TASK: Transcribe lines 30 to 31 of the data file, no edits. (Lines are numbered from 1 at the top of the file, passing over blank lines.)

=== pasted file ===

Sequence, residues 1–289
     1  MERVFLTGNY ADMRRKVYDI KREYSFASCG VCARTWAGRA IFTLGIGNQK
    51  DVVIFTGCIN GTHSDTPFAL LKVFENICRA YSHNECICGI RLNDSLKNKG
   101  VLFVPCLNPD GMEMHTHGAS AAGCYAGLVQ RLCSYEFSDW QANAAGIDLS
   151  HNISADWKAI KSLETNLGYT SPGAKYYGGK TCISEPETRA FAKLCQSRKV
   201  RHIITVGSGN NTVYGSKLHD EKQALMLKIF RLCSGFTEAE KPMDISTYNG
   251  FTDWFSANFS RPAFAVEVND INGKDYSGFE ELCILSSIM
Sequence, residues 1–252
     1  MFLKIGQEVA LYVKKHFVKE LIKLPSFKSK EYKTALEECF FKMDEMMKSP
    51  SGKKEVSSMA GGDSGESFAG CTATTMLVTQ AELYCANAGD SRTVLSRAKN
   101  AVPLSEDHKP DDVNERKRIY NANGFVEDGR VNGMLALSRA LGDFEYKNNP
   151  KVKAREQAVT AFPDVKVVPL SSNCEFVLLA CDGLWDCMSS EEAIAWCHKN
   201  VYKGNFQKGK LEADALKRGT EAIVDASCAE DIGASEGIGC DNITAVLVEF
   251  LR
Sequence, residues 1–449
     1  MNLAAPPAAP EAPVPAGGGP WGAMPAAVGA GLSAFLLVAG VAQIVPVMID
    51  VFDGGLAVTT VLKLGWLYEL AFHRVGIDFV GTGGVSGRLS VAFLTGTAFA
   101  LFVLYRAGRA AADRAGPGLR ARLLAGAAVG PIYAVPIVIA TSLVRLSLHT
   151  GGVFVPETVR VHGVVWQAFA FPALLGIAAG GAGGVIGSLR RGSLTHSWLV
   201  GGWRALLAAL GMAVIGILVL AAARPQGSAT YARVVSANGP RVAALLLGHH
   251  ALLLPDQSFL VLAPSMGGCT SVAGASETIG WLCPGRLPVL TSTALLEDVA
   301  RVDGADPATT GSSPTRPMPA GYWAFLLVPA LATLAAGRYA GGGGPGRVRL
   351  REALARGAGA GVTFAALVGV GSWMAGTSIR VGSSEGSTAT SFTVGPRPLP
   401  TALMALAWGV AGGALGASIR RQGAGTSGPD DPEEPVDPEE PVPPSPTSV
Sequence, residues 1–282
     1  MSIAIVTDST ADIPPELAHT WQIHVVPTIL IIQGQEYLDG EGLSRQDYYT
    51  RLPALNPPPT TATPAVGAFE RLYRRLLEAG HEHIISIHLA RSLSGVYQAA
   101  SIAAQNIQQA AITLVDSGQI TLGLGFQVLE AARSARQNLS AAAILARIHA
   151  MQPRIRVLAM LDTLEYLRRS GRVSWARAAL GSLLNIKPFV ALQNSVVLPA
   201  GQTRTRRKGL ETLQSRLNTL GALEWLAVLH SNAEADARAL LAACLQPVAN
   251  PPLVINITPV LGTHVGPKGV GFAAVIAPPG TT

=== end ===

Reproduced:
   201  GQTRTRRKGL ETLQSRLNTL GALEWLAVLH SNAEADARAL LAACLQPVAN
   251  PPLVINITPV LGTHVGPKGV GFAAVIAPPG TT